The story of the Odessa, Texas mass shooting has become a sadly familiar one. A deranged man, who had just been fired from his job, was stopped by police for failing to signal when shifting lanes.
Instead of having a nice conversation with the police officer, the man started shooting. He took off on a ten-mile chase, firing at anyone he could. Seven people dead and 25 wounded later, the shooter was shot and killed behind a movie theater.
Also sadly familiar has been the reaction of certain Democratic candidates, reiterating their calls for “common-sense gun safety laws.” However, Robert Francis “Beto” O’Rourke has pushed the envelope on the issue. He has demanded “mandatory assault weapon buybacks,” which translates to confiscation of AR-15s and semiautomatic AK-47s with a sweetener that the government will exchange them for a little bit of money.
Beto also dropped one of his famous F-bombs live on CNN when asked about the spate of mass gun killings in Americans. “This is f—ed up,” he said. The full word went out over the air when the interview was live, It has been bleeped out in subsequent airings.
Many people chastised Beto for using profanity on the air. The candidate was not in the mood to apologize. He responded on Twitter. “Profanity is not the f-bomb. What is profane is a 17 month-old baby being shot in the face.” Beto was referring to Anderson Davis, who was among the injured, has been treated and is expected to make a full recovery.
The t-shirt in question contains the phrase that Beto made famous written six times, with the added phrase “End Gun Violence Now” and then “Beto for America.” The shirt comes in unisex and women’s variety and all sizes. The website that is selling the t-shirts claims that “100% of the proceeds from the sale of this item will be shared equally between Mom’s Demand Action and March for Our Lives.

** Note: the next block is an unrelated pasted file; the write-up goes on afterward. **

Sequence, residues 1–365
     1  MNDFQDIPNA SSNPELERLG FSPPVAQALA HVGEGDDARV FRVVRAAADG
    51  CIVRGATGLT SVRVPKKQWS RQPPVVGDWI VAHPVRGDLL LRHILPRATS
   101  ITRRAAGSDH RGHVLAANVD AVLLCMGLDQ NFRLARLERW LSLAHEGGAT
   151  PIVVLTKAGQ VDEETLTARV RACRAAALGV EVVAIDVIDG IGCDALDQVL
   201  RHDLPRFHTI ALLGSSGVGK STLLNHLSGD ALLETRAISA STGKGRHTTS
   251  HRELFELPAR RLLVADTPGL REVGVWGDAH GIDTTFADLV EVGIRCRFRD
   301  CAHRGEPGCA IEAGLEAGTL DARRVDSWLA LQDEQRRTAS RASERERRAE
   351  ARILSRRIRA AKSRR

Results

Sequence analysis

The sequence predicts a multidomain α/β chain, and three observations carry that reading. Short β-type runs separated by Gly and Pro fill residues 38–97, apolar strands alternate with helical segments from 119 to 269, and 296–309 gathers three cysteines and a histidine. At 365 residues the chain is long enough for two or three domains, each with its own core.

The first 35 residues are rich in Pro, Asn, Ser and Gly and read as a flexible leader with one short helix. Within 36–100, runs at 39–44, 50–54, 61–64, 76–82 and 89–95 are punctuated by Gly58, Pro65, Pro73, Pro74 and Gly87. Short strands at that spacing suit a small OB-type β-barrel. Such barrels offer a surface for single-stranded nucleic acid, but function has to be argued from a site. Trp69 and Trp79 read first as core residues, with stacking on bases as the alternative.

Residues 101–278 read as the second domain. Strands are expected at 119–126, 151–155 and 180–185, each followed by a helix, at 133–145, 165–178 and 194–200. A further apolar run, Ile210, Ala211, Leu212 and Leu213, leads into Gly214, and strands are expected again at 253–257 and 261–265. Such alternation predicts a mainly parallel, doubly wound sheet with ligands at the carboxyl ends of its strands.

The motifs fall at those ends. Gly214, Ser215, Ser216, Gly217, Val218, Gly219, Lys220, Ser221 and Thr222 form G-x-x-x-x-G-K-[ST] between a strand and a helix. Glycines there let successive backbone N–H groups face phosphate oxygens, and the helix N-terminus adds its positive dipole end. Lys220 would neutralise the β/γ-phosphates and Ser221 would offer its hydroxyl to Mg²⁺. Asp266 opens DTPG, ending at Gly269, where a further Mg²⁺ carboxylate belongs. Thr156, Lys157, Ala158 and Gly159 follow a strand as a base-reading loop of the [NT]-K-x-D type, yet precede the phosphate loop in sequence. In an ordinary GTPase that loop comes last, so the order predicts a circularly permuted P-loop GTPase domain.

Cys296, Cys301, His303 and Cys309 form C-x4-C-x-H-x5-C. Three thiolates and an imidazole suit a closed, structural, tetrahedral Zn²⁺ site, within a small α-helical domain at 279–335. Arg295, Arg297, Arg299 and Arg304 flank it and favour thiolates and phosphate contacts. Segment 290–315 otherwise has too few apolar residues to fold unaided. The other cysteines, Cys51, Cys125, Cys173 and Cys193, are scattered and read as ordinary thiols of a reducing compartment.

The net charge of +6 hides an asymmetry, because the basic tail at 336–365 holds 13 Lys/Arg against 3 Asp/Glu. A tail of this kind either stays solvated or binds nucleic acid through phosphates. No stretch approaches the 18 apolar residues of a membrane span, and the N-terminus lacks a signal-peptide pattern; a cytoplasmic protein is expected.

Beto also doubled down on his plan to confiscate firearms he has termed “assault weapons” and “weapons of war.”
“I was asked how I’d address people’s fears that we will take away their assault rifles. I want to be clear: That’s exactly what we’re going to do. Americans who own AR-15s and AK-47s will have to sell their assault weapons. All of them.”
In the meantime, Texas Governor Greg Abbott, a Republican, has offered a reality check for people who think that more gun laws would prevent mass shootings such as the one that happened in Odessa.
The shooter had failed a background check to purchase a firearm previously He did not undergo a background check to obtain the weapon that he used in the mass shooting spree in Odessa. Translated, that means that he acquired the firearm illegally. The government did not have a record of his owning a weapon, which means that Beto’s confiscation scheme would not have worked either.
The shooter had a criminal record and was known to have mental health issues. However, even a Red Flag law might not have worked either unless a friend or family member knew he had a gun and reported it to the authorities. Clearly, as USA Today noted, the man had serious mental health issues.
In an interview with the Associated Press, neighbor Rocio Gutierrez said the shooter was ‘a violent, aggressive person. “Gutierrez said the man would shoot rabbits and other animals at all hours of the night. We were afraid of him because you could tell what kind of person he was just by looking at him,’” Gutierrez told the news agency. “He was not nice, he was not friendly, he was not polite.”
President Trump has proposed that people like the Odessa shooter, judged to be a danger to themselves and others, be institutionalized so that their mental health issues could be addressed before they manifest in a shooting spree. The idea also might help to address the epidemic of homelessness as well.
Some mental health professionals prefer that people like the Odessa shooter be treated in a “community setting” rather than in a traditional mental institution.
Most agree though that people with mental illness are not being treated adequately and that rectifying that state of affairs might work better to tamp down on gun violence than gun control laws.